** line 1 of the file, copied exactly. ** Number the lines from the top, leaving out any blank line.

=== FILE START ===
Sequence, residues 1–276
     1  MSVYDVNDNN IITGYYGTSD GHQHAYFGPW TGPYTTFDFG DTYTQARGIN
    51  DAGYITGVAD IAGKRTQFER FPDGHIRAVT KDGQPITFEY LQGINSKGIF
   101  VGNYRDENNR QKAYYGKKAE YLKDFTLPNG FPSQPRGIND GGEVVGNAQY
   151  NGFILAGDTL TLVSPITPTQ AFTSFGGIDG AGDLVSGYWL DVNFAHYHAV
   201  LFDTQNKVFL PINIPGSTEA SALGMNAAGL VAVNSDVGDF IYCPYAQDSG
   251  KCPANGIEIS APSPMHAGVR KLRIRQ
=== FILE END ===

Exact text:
Sequence, residues 1–276